Slobodan Milosevic, 64, the former Serbian leader indicted for war crimes for orchestrating the Balkan wars of the 1990s, was found dead in his prison cell near The Hague, the UN tribunal said yesterday.
Milosevic was found on his bed. He appeared to have died of natural causes, a tribunal press officer said. A full autopsy and toxicological examination have been ordered, the tribunal said.
"The guard immediately alerted the detention unit officer in command and the medical officer. The latter confirmed that Slobodan Milosevic was dead," the statement said.
Milosevic had been on trial since February 2002, defending himself against 66 counts of crimes, including genocide, in Croatia, Bosnia and Kosovo -- proceedings repeatedly interrupted by Milosevic's poor health and chronic heart condition.
He recently asked the tribunal to be released temporarily to go to Moscow for treatment at a heart clinic. The tribunal rejected the request, fearing he would not return to complete his trial.
Steven Kay, a British attorney who had been assigned to represent Milosevic, said yesterday that the former Serb leader would not have fled, and was not suicidal.
"He said to me: `I haven't taken on all this work just to walk away from it and not come back. I want to see this case through,"' Kay told the BBC.
Milosevic's trial was recessed last week to await his next defense witness. Milosevic also was waiting for a court decision on his request to subpoena former US president Bill Clinton as a witness.
His death comes less than a week after the star witness in his trial, former Croatian Serb leader Milan Babic, was found dead in the same prison.
Babic's testimony in 2002 described a political and military command structure headed by Milosevic in Belgrade that operated behind the scenes.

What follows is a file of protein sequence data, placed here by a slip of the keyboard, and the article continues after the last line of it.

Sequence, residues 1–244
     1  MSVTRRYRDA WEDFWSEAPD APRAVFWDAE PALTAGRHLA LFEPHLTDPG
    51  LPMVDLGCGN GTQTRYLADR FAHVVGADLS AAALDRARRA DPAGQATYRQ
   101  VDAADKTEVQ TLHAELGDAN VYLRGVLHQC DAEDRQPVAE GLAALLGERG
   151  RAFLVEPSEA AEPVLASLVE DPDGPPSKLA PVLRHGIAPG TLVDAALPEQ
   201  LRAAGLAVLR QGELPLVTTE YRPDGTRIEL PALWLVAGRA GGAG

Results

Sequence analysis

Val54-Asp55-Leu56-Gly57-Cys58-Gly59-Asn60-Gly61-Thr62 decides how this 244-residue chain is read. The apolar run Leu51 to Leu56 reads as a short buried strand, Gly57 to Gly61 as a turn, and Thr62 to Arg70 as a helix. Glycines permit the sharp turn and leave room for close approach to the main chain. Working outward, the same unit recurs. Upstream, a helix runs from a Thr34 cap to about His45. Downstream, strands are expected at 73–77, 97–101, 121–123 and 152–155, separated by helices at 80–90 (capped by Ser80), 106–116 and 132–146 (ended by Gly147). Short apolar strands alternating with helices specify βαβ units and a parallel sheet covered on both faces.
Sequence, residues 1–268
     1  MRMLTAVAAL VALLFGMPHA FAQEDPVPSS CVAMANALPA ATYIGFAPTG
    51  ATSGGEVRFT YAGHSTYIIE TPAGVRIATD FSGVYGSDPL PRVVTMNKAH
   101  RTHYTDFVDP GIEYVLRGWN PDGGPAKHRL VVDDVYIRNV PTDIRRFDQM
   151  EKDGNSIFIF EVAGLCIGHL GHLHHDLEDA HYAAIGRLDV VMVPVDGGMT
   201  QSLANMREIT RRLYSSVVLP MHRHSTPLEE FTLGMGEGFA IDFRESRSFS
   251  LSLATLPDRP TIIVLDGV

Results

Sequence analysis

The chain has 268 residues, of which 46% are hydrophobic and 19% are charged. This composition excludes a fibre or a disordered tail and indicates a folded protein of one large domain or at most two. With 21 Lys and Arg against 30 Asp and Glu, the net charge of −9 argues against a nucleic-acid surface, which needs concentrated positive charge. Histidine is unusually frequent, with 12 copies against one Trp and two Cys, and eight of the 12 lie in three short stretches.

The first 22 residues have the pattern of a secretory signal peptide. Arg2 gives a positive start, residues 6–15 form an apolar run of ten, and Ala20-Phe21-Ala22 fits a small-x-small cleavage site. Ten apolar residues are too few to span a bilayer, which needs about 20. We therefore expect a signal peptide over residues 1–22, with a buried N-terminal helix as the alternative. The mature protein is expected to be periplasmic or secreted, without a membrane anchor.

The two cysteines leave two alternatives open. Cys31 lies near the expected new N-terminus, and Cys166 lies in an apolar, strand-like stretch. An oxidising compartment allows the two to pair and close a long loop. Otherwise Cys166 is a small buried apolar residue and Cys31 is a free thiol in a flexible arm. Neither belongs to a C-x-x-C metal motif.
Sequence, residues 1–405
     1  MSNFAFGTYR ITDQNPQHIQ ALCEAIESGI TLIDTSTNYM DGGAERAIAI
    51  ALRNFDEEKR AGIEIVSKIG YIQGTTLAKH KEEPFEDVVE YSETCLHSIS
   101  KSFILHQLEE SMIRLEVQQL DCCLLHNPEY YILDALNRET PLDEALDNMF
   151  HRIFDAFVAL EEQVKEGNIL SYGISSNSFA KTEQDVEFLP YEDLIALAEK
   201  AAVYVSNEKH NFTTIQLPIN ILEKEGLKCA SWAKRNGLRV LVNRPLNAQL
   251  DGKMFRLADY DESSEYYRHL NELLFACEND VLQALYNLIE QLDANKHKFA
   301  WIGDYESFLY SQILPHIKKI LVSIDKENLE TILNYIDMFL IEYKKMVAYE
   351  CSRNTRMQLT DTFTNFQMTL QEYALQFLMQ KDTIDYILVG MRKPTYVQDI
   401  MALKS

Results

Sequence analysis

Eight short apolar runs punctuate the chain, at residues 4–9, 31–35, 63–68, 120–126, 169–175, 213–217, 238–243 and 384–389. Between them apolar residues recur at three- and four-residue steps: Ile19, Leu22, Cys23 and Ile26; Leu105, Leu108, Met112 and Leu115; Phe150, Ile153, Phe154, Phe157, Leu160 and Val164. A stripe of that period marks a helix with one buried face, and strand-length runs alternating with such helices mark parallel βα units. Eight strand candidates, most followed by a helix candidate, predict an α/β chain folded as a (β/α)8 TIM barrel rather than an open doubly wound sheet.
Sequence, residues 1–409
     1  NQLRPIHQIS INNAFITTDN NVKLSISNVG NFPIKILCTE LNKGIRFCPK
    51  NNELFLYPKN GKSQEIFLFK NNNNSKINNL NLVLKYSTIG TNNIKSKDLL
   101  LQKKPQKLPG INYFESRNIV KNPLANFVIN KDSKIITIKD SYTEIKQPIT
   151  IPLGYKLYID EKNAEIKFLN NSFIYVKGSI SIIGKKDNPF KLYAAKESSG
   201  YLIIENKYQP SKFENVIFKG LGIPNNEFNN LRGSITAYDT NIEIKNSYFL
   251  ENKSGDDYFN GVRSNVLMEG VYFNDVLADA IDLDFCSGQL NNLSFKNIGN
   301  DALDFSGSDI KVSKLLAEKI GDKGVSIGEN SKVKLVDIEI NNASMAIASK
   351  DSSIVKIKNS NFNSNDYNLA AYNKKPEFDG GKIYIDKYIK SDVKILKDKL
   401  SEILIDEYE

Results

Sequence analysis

Babic, who was serving a 13-year sentence, committed suicide.
Milosevic's death will be a crushing blow to the tribunal and to those who were looking to establish an authoritative historical record of the Balkan wars.
Though the witness testimony is on public record, history will be denied the judgment of a panel of legal experts weighing the evidence of his personal guilt and the story of his regime.
"Unfortunately, he did not face justice for crimes he has committed in Kosovo as well," Kosovo's Deputy Prime Minister Lufi Haziri said in Pristina.
The EU said Milosevic's death does not absolve Serbia of responsibility to hand over other war crimes suspects.
The death "does not alter in any way the need to come to terms with the legacy of the Balkan wars," Austrian Foreign Minister Ursula Plassnik, whose country holds the rotating EU president, said in Salzburg.
Milosevic was due to complete his defense at the war crimes tribunal this summer.
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